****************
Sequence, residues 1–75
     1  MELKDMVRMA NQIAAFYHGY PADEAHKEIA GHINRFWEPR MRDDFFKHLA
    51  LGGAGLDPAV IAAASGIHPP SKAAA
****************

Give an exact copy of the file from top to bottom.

Sequence, residues 1–75
     1  MELKDMVRMA NQIAAFYHGY PADEAHKEIA GHINRFWEPR MRDDFFKHLA
    51  LGGAGLDPAV IAAASGIHPP SKAAA